On May 13, 2015, the U.S. Patent & Trademark Office (USPTO) will begin accepting U.S. design patent applications under the Hague Agreement. This agreement allows U.S. applicants to file up to 100 designs in over 64 member countries that are party to the Hague Agreement by filing a single International Design Application (“IDA”) with the USPTO. Among the current members are Japan, South Korea, and the EU. A complete list can be found here.

The Hague Agreement provides applicants a streamlined filing procedure that may translate into filing efficiencies and cost savings. This is because an IDA relieves applicants of the need to engage local counsel to file separate national applications in each of the territories where protection is sought. However, this cost benefit may be lost if an IDA does not comply with the substantive laws of each member territory. In that case, the applicant will need to engage local counsel to address any substantive objections or rejections. A reference guide of the preparation and prosecution nuances of some of the member territories is available HERE.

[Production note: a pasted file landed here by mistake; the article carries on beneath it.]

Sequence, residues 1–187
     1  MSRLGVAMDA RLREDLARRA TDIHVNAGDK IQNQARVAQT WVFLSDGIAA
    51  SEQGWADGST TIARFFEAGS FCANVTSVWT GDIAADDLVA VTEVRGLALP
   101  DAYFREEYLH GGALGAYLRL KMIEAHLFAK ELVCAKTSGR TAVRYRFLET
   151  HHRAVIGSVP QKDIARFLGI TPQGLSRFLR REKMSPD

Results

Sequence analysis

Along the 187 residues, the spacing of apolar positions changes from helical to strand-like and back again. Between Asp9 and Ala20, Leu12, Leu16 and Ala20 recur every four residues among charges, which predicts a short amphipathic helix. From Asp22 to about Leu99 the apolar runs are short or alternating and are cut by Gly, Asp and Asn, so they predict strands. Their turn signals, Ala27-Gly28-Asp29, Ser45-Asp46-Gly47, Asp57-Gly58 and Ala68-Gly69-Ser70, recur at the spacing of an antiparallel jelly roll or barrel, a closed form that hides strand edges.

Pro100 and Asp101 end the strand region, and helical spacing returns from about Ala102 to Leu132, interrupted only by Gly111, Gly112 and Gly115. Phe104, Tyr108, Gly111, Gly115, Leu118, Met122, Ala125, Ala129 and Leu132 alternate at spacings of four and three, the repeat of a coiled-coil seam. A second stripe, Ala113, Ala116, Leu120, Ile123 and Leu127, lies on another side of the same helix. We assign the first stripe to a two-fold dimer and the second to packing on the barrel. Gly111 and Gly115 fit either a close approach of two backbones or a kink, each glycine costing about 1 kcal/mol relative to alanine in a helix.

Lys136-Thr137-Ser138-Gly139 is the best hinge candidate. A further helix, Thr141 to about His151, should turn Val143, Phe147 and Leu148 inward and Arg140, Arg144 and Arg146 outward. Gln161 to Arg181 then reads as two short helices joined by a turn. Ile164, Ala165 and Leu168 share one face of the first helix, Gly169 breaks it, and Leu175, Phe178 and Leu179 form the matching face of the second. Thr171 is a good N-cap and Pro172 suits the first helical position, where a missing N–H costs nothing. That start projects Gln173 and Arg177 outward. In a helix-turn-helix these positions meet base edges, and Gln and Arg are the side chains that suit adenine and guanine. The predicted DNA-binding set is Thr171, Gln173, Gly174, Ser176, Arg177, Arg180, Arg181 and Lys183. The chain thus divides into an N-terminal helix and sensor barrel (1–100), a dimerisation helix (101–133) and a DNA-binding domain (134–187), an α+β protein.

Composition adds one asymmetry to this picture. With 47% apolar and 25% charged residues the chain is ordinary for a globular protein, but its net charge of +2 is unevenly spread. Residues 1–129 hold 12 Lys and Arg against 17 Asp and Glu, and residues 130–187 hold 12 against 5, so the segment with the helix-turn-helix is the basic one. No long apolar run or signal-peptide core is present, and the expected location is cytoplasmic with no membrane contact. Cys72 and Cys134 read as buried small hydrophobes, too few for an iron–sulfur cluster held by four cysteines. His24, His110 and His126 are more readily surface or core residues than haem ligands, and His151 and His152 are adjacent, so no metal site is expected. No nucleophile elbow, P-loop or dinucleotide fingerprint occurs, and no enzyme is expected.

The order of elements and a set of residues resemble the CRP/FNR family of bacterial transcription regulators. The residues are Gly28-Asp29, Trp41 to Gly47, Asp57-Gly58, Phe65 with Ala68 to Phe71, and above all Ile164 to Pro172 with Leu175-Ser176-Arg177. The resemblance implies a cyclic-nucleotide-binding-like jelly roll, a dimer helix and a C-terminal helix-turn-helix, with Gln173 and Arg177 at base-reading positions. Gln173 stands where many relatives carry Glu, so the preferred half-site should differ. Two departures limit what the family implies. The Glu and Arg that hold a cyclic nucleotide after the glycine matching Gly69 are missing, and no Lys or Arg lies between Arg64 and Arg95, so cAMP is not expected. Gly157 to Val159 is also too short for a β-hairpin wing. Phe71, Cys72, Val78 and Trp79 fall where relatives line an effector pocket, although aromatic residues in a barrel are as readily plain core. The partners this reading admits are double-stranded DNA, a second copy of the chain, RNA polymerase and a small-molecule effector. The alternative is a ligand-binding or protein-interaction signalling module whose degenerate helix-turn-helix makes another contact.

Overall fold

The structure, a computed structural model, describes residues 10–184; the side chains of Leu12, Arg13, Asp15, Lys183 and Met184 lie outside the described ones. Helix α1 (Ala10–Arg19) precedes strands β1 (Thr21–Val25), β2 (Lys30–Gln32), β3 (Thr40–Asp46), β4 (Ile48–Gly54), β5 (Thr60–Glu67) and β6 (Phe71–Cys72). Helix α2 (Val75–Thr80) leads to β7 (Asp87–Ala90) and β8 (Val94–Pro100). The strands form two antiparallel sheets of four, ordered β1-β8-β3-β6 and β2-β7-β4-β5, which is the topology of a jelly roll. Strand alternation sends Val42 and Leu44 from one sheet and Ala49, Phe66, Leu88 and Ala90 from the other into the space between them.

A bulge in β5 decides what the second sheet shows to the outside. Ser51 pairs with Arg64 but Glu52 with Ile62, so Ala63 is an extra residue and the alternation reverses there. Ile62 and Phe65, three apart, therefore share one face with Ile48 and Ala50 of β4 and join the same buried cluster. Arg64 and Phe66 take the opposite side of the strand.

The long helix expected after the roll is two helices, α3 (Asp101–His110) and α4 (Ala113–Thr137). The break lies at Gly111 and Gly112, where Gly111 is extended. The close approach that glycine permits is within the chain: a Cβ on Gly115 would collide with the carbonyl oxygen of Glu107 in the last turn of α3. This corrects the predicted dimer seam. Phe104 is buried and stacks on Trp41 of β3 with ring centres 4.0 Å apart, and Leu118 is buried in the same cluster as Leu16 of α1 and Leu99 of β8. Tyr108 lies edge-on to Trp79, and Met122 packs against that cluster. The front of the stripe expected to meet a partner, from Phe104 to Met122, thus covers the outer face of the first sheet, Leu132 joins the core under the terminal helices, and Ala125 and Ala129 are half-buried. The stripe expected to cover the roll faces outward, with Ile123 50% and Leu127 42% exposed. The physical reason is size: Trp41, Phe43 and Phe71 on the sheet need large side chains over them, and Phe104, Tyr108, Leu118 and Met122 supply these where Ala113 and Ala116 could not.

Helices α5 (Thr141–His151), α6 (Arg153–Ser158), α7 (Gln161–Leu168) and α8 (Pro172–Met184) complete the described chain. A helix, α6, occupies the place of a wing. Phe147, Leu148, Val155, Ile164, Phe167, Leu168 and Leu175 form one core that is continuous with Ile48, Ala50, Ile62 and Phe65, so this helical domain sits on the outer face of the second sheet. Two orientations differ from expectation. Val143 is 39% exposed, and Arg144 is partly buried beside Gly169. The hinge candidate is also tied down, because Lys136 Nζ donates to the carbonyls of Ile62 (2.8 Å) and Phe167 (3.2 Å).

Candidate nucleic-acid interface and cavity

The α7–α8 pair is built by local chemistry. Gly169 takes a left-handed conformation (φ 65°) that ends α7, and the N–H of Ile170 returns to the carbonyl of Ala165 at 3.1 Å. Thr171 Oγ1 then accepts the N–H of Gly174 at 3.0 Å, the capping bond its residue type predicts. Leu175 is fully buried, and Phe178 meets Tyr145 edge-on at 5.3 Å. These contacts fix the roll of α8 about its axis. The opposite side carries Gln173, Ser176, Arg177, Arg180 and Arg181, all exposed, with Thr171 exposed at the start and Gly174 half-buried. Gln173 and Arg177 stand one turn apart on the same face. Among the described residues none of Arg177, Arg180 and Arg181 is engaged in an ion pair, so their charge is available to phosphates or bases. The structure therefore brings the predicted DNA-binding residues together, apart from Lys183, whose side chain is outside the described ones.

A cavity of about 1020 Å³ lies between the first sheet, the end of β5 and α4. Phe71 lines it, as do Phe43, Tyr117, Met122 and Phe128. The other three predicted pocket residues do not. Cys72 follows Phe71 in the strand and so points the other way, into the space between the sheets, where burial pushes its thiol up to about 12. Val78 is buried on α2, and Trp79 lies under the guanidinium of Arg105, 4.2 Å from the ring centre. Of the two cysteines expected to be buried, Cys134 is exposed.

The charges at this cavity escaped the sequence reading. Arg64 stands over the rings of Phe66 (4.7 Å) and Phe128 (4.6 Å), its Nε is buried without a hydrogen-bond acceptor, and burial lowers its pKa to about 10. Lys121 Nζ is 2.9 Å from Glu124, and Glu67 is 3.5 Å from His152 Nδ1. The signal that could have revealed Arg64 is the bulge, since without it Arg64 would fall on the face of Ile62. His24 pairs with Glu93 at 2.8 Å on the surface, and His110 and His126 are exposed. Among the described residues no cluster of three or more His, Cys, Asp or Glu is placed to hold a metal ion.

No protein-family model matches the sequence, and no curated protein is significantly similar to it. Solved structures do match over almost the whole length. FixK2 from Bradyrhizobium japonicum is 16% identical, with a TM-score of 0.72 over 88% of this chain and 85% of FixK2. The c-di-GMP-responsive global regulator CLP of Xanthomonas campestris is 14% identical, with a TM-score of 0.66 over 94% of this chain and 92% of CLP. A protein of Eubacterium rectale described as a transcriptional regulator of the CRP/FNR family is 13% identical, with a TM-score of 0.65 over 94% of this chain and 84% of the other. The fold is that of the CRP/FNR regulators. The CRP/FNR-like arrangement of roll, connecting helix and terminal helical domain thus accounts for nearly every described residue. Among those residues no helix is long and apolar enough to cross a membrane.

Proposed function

In addition to the potential filing efficiencies and cost savings under the Hague Agreement, IDA’s will also enjoy provisional rights in the U.S., giving the owner the potential for damages for infringement from the time the IDA is published, which is typically six months after filing. All U.S. design patents issuing from domestic applications or IDAs filed on or after May 13, 2015 will have a 15-year term measured from the issue date, rather than the current 14-year term.

This article appeared in the April 2015 issue of MarkIt to Market. To view our past issues, as well as other firm newsletters, please click here.